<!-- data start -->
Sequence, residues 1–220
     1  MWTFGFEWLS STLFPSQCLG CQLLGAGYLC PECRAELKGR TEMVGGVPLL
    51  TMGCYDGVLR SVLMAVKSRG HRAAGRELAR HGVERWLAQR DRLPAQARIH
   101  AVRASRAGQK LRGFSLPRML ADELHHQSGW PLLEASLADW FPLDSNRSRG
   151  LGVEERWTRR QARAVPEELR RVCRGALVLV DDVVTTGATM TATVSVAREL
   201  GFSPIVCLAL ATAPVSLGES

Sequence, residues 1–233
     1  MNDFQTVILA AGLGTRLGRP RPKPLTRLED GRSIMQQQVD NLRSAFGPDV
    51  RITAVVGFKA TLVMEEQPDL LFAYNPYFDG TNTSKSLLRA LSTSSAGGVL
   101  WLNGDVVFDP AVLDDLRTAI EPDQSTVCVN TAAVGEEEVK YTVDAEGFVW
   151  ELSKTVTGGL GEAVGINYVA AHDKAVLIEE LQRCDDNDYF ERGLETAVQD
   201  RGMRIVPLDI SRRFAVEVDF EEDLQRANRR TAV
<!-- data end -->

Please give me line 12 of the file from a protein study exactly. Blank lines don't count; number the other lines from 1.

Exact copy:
   201  RGMRIVPLDI SRRFAVEVDF EEDLQRANRR TAV